Prader–Willi syndrome

The main characteristics of PWS include extreme, insatiable appetite, mild to moderate developmental delay, hypogonadism resulting in delayed to no puberty, and hypotonia. 

Prader-Willi syndrome is caused by the loss of active genes in a specific part of chromosome 15, the 15q11-q13 region. 

People normally have two copies of this chromosome in each cell, one copy from each parent. 

Prader–Willi syndrome occurs when the paternal copy is partly or entirely missing.

In about 70% of cases, Prader–Willi syndrome occurs when the 15q11-q13 region of the paternal chromosome 15 is deleted.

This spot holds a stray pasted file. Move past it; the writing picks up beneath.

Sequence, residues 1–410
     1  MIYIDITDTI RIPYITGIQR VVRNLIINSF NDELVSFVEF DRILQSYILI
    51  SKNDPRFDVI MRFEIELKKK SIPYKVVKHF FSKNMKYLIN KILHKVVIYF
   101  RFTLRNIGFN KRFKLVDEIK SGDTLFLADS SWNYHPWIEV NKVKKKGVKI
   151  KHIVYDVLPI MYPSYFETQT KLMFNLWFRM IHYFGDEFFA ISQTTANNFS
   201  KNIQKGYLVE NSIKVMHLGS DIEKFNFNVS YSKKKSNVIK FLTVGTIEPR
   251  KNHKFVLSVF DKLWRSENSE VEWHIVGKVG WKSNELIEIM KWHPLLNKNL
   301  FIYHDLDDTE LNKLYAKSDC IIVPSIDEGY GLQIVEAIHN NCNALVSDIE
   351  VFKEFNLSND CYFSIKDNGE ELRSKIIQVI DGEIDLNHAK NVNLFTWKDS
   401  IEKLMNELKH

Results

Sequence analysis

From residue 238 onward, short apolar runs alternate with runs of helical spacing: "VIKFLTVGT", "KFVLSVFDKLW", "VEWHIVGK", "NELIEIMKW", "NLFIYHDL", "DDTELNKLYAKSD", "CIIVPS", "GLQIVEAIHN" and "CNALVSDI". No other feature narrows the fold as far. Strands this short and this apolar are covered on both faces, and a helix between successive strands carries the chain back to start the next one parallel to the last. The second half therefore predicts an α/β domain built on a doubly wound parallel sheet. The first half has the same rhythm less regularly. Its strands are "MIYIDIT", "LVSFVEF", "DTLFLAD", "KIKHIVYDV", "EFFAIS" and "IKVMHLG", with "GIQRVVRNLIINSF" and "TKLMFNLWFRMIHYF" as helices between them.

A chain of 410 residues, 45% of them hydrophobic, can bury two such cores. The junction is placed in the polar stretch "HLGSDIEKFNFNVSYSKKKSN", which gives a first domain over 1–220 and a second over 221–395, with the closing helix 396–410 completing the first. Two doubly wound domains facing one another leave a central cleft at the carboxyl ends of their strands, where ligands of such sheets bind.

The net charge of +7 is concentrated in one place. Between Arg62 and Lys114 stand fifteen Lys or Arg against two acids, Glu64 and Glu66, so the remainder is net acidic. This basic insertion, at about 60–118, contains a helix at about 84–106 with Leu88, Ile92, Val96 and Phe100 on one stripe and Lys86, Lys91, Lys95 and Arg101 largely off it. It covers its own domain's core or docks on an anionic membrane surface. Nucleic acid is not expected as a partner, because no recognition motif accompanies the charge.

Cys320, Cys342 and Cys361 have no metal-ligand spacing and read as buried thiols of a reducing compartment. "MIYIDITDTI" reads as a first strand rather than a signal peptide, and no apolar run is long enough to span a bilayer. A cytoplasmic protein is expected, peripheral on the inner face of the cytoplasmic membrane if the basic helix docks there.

The genes in this region are normally active on the paternal copy of the chromosome and are inactive on the maternal copy. 

Therefore, a person with a deletion in the paternal chromosome 15 will have no active genes in this region.

In about 25% of cases, a person with Prader–Willi syndrome has two maternal copies of chromosome 15 in each cell instead of one copy from each parent. 

This phenomenon is called maternal uniparental disomy. 

Because some genes are normally active only on the paternal copy of this chromosome, a person with two maternal copies of chromosome 15 will have no active copies of these genes.

In a small percentage of cases the condition is caused by an abnormality in the DNA region that controls the activity of genes on the paternal chromosome 15. 

Because patients almost always have difficulty reproducing, Prader–Willi syndrome is generally not hereditary.

A specific chromosomal change called an isodicentric chromosome 15 (IDIC15) can affect growth and development.